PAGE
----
“He has a large field army, larger than we’d previously thought. The good news is, he’s been clearing out the locals and this means we have a lot of new friends in this part of the world.”
“Has he concentrated his forces?”
“I don’t know because I don’t know how many allies he’s brought south with him. What I do know is, he had a field army roaming north of Kunduz about ten days ago, and he has supply difficulties for his armoured units.”
“Cut off from his factories eh?”
“That’s right sir.”
“Good. Serves him right the bastard. Rogers, what about those cars?”
Rogers looks up from beneath a running board. “This one is almost useless sir, but the other four are ready to go.”
“Excellent, we’ll use them for reconnaissance instead of the Mark VI’s and move them into the main armoured squadrons. One per group. To act as support.”
“That leaves Denton in the Mark VIc, what should we do with him?” Lieutenant Leftbridge-Smyth interjects.
“Keep him where he is, Denton is a good scout commander and that fifteen millimetre might come in handy. Now. Let’s see about getting our tanks on the road before tea time shall we?”


Player Five deploys his on-table elements by marking their hidden locations on his map. Players Four and Six follow Player Fives orders and deploy where he commands them to. Players Four and Six must also mark the locations of their hidden elements on their maps.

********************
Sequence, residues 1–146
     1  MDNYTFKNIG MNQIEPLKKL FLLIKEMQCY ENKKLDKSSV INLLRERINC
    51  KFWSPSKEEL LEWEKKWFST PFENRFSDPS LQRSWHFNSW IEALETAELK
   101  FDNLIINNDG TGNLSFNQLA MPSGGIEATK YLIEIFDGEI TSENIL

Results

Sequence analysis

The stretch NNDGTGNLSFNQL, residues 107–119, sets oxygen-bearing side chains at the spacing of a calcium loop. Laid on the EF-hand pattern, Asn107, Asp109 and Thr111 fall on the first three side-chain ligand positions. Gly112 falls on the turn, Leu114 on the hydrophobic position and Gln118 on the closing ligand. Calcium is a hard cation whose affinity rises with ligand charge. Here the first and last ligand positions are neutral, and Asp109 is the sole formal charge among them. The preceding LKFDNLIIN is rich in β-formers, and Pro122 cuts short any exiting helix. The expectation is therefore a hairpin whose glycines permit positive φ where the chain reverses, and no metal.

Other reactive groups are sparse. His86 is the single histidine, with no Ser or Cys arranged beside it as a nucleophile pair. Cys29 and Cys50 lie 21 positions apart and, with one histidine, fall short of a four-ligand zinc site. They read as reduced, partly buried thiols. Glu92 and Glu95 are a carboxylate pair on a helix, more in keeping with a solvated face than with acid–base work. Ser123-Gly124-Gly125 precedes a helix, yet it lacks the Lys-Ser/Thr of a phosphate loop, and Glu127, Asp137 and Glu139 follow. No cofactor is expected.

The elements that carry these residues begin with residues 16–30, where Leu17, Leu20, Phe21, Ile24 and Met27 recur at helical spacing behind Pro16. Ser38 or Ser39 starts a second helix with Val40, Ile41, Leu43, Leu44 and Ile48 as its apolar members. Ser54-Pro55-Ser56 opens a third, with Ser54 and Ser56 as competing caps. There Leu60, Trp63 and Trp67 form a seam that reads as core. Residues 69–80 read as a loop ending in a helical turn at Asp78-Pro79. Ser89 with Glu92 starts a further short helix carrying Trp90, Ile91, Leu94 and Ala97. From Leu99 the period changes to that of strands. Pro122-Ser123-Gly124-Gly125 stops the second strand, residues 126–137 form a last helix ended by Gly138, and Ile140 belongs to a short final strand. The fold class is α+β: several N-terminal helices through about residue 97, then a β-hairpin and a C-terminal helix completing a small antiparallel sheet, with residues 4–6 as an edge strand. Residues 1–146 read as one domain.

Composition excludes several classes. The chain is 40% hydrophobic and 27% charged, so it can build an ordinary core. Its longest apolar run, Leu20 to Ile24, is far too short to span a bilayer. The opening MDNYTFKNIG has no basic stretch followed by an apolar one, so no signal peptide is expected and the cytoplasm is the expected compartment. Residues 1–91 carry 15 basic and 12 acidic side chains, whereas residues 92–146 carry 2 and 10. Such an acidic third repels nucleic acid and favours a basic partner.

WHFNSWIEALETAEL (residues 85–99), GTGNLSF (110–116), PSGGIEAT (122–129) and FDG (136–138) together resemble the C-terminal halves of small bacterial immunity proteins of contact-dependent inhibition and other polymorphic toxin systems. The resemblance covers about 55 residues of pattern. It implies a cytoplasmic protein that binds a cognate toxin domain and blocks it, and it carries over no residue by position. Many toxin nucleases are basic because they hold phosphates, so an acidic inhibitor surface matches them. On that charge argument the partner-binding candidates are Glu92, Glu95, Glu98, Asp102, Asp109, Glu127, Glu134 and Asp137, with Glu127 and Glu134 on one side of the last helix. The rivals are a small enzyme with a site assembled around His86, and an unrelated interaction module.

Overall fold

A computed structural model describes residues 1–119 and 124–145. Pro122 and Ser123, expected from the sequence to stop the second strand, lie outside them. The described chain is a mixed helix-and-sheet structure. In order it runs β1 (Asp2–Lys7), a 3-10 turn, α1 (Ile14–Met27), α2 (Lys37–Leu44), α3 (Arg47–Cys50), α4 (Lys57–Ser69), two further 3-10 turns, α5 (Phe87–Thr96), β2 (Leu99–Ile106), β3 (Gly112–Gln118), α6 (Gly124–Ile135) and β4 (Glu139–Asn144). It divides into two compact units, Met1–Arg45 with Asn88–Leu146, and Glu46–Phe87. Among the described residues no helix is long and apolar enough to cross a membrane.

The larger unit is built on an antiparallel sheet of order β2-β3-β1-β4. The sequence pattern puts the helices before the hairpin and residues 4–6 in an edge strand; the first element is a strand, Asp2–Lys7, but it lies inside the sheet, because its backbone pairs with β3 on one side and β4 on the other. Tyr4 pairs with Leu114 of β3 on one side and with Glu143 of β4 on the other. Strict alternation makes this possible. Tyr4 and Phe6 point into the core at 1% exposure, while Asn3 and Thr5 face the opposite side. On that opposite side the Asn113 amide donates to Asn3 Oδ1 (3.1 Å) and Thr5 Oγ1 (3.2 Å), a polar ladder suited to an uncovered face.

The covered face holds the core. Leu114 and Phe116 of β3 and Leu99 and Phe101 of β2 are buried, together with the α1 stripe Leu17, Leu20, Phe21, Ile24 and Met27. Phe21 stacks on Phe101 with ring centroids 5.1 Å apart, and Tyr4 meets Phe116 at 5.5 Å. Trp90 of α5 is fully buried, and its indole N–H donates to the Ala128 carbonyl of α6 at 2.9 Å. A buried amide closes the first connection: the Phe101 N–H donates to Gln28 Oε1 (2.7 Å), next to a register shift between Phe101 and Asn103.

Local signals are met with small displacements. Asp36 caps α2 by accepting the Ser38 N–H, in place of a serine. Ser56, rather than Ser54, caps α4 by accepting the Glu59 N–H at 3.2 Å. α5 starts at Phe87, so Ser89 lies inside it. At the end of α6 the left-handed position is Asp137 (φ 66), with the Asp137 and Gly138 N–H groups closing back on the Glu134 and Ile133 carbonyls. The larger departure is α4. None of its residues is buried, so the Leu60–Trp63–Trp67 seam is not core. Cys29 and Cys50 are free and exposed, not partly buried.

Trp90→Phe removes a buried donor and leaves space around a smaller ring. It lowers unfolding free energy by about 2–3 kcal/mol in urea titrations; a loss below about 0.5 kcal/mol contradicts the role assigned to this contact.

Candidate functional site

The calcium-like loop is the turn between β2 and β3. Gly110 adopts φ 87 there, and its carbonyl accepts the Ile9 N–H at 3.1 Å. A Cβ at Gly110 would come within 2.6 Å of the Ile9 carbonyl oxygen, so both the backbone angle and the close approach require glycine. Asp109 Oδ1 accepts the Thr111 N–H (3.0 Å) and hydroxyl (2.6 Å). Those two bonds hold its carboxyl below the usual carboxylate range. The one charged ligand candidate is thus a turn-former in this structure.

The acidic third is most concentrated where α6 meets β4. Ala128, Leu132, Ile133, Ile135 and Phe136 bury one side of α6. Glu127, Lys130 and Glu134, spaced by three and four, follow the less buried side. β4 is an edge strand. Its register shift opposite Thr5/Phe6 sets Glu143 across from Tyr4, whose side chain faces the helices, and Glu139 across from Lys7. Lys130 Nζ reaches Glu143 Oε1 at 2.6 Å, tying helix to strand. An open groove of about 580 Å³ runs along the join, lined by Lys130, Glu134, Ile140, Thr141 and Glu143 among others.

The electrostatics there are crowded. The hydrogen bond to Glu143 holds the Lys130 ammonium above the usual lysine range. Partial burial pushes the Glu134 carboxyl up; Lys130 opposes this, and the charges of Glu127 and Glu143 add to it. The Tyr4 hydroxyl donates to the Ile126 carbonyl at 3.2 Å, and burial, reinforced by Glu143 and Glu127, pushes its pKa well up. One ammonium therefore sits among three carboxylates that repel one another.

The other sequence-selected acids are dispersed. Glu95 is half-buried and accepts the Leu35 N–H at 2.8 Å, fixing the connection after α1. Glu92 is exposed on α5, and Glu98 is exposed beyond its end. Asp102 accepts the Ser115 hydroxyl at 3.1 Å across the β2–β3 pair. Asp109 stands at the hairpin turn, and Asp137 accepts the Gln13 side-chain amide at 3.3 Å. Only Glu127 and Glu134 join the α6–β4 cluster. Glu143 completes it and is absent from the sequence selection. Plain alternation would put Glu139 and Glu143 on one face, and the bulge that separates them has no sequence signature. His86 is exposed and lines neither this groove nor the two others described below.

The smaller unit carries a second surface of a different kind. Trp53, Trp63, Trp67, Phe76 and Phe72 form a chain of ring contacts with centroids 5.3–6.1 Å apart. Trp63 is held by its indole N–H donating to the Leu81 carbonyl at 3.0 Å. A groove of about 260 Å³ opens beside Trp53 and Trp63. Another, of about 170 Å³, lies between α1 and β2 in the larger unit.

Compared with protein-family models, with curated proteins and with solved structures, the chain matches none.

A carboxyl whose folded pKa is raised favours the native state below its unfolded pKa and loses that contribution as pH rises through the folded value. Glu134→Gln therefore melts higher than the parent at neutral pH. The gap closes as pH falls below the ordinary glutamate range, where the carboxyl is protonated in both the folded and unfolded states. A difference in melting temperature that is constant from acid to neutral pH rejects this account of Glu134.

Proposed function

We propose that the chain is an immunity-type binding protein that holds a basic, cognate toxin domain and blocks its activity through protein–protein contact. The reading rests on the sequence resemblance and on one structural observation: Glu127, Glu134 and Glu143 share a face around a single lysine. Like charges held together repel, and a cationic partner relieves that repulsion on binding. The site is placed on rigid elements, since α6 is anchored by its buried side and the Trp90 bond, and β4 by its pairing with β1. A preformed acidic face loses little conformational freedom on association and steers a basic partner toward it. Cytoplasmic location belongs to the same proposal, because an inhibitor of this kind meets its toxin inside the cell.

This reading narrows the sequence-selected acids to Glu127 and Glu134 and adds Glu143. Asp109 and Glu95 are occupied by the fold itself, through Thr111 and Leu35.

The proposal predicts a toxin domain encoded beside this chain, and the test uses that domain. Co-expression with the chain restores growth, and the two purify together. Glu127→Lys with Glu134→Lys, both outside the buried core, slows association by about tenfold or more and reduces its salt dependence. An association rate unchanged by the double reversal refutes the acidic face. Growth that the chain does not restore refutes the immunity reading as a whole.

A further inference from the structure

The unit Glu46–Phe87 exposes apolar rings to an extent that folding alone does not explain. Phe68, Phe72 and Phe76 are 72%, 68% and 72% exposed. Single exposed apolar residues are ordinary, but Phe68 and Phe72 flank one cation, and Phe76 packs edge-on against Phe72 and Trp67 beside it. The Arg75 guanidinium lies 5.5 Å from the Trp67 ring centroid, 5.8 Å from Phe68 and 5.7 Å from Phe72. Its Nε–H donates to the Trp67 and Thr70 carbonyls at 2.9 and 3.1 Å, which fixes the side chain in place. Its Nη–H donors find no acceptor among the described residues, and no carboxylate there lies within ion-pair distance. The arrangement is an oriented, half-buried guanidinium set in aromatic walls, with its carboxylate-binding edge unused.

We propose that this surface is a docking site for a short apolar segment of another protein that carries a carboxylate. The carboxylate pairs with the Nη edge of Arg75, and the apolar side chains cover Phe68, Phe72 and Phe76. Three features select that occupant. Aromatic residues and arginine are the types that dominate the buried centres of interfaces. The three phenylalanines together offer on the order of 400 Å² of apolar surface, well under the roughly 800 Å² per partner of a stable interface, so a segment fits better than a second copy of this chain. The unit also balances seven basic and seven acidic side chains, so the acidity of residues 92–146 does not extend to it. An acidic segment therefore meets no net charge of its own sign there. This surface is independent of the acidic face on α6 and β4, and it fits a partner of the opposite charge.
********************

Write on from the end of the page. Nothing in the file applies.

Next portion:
Note, players Four, Five and Six may ‘store’ elements off the western edge of the table as reserves but once these have entered the table top they may not leave again without being counted as downed.

Player Two then decides the marching order of the British column prior to beginning the game, and then once the position of the British elements has been established, the following paragraphs are read out loud.* Note the Mark VIc must be placed at the head of the column.

* Added after the game

Having split into two groups, Sir John’s armoured column moves up the Kunduz Valley at speed. Around two pm on the second day. Smoke is sighted on the horizon and not longer after this; the British pass the first groups of wounded Afghan troops sitting at the side of the road.
“Not long now” Sir John shouts from the forward passenger seat of his staff car as the column moves through a shallow valley. He turns to talk to Cartwright who is sitting behind him when suddenly there is a loud explosion from the head of the column.
“What the devil?” Sir John exclaims as the British force grinds to a halt. He steps from his car to see a dust cloud rising in the air from the head of the column. Denton in the turret of his Mark VIc, turns to shout back, but his voice is obscured by the noise of the tank engines.
“What?” Sir John strides up along the road, as the dust settles he can see none of his vehicles have been hit, but a small bridge has been blown up. Suddenly he realises what Denton is shouting, the column has been bottled! To the left is a rocky slope, almost impassable for tanks. To the right a gully runs parallel with the road. He glances about; looking for an enemy, and there is movement in the rocks to the left. He turns and is about to order his men to take positions against ambush when several artillery rounds land on the column and the signals truck is instantly destroyed. As gun fire begins to erupt around him, the tanks begin to turn to engage the hidden enemy.